As the fall colours fade, daylight dwindles and winter rolls in, do you find yourself fighting the urge to hibernate? If the cold climate and dark days are dragging you down, you may be suffering from more than a basic case of the winter blues.
Seasonal Affective Disorder (SAD) is a type of winter depression that affects an estimated half-million people during the snowy season between September and April, and just might be the reason you fall into the same funk year after year.
Just as sunlight affects the seasonal activities of animals (read: reproductive cycles, migration and hibernation,) SAD may be an effect of this seasonal light variation in humans. As seasons and sunlight patterns shift so to do our biological clocks, and they often fall out of step with our daily schedules. Most people find that they eat and sleep a bit more and dislike the dark mornings and short days, but for some the disturbance is severe enough to disrupt their lives and cause considerable distress. A diagnosis can be made after three or more consecutive winters of symptoms which can include the following:
Depression: Feelings of misery, guilt, apathy, despair, and a loss of self-esteem.
Lethargy: Frequent fatigue and inability to cruise through your normal routine.
Disrupted sleep patterns: Clocking serious overtime between the sheets or, conversely, the inability to drift off and early morning wakening.
Uncontrollable cravings: Insatiable appetite for carbs and sweets, usually resulting in weight gain.
Mood swings: Irritability and desire to shun social situations.
Anxiety: Tension and inability to cope with stress.
Loss of libido: Decreased sex drive and loss of interest in intimacy.
Weakened immune system: Increased vulnerability to infections and other illnesses.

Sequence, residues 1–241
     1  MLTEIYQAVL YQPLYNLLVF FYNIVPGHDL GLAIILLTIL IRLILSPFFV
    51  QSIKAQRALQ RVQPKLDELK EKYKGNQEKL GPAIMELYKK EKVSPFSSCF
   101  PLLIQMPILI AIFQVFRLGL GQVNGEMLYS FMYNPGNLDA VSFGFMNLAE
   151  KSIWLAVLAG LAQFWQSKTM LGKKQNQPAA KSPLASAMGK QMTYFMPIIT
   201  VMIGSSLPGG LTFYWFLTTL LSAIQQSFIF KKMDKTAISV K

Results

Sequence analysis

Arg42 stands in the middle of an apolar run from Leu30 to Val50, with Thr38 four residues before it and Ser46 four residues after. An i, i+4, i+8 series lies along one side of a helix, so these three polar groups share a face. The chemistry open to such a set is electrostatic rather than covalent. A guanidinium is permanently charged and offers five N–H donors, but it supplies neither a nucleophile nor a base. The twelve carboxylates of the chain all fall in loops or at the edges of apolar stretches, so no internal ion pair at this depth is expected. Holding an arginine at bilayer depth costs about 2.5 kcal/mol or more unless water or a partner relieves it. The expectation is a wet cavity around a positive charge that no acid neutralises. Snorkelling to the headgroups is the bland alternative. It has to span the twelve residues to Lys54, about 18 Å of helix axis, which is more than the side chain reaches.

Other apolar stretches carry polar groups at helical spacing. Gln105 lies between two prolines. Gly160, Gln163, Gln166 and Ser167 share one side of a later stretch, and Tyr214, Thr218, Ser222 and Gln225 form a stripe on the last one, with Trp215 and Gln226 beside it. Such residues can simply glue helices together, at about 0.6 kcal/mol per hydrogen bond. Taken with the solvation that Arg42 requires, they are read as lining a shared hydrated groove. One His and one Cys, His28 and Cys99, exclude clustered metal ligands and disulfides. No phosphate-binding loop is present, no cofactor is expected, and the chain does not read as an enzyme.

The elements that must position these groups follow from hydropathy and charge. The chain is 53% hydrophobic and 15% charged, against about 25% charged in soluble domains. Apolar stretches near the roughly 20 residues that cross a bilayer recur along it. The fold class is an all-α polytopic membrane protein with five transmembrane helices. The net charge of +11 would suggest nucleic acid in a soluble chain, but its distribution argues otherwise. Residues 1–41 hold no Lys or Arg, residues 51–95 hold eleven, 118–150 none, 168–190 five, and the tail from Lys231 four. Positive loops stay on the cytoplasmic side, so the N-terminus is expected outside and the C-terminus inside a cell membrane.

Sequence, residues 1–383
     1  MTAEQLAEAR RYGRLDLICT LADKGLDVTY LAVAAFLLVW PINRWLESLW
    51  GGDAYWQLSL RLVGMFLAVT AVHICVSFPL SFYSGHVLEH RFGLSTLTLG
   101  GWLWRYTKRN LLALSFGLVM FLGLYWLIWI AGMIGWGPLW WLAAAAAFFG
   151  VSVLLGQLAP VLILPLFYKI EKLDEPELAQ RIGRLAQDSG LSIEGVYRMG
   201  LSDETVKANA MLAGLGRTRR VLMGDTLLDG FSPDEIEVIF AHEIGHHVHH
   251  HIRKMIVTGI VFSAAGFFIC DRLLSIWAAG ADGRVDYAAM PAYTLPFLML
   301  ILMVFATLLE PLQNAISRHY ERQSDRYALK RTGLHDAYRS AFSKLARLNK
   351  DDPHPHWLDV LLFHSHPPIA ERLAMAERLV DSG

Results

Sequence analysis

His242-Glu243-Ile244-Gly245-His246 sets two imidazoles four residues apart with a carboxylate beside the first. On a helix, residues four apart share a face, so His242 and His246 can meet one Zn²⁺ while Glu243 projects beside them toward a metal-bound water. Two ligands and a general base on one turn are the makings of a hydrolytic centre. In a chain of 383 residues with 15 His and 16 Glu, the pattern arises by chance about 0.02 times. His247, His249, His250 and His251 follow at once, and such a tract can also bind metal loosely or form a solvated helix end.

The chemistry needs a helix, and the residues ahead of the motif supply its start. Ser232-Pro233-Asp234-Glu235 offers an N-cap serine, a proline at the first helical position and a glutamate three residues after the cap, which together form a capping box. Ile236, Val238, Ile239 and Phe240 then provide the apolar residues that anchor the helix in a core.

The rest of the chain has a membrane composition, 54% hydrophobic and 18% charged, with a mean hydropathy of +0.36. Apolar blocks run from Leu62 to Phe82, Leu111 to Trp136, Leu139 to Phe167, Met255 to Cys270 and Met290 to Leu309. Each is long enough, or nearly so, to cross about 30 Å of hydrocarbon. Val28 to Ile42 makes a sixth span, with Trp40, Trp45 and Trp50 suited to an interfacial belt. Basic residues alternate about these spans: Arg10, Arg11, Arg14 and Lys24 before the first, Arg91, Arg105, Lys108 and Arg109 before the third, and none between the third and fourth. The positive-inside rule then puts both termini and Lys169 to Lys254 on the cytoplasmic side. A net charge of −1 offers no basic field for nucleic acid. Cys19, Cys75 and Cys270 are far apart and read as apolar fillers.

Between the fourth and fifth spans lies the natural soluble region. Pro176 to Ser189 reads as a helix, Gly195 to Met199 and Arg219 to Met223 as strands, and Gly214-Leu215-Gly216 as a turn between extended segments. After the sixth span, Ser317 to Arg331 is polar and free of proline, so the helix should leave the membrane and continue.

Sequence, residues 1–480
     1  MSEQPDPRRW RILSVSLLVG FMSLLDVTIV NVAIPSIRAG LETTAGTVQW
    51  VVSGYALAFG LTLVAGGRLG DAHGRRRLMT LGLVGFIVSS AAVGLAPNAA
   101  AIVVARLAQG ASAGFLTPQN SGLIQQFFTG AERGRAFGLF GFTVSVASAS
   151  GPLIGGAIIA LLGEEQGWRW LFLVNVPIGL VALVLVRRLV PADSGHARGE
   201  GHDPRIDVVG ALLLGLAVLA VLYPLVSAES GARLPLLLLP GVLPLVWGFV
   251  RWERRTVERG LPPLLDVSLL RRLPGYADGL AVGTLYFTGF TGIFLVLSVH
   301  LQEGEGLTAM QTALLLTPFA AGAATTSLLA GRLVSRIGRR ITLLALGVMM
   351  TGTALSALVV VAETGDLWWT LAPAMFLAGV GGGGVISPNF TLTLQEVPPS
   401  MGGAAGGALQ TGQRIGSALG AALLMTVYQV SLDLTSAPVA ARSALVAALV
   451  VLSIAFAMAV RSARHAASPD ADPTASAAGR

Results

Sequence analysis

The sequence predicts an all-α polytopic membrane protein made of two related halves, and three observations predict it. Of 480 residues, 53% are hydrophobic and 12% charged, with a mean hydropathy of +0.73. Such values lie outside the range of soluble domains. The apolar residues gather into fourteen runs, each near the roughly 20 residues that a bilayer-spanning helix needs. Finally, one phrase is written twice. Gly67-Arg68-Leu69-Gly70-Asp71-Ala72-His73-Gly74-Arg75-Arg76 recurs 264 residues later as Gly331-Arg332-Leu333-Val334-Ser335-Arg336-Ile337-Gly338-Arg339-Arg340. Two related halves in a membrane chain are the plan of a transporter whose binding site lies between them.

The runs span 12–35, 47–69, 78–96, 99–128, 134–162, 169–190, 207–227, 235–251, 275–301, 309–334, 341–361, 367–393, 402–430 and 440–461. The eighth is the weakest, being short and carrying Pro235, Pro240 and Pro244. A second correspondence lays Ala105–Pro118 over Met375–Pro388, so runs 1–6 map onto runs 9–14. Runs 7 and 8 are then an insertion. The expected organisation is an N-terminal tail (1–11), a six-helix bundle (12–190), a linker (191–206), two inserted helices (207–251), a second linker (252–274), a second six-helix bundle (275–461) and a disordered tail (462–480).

The symptoms associated with SAD usually subside with the onset of spring, either suddenly and with a short period of hyperactivity, or gradually, depending on the intensity of the sun’s rays in spring and early summer.
Beating the blues
Because SAD develops when the body is starved of sunlight, the primary treatment is phototherapy. This method involves sitting two to three feet away from a specially designed light box that emits light with an intensity of 2500 lux or higher. (For the sake of comparison, ordinary bulbs in your home or office emit an intensity of 200-500 lux, and the sunlight on a bright summer day can reach 100 000 lux.) Bright light therapy has been shown to suppress the brain’s secretion of melatonin, which is linked with an antidepressant effect. Sessions average about one to two hours per day and should be started in fall at the first sign of symptoms.
In addition to phototherapy, patients are encouraged to exercise often and keep tabs on their diet. Carbohydrate intake should be kept to a minimum to help stabilize insulin levels, and focus should lie in the consumption of fresh fruits and veggies.
If clean living and light therapy prove ineffective, you might want to pop into Concordia Health Services or make an appointment with your family physician for a second opinion.
So if you find your spirits sinking as the seasons shift, take a minute to assess if it could be SAD. Identifying the source of your depression is the first step in ensuring that you don’t spend another winter singing the blues.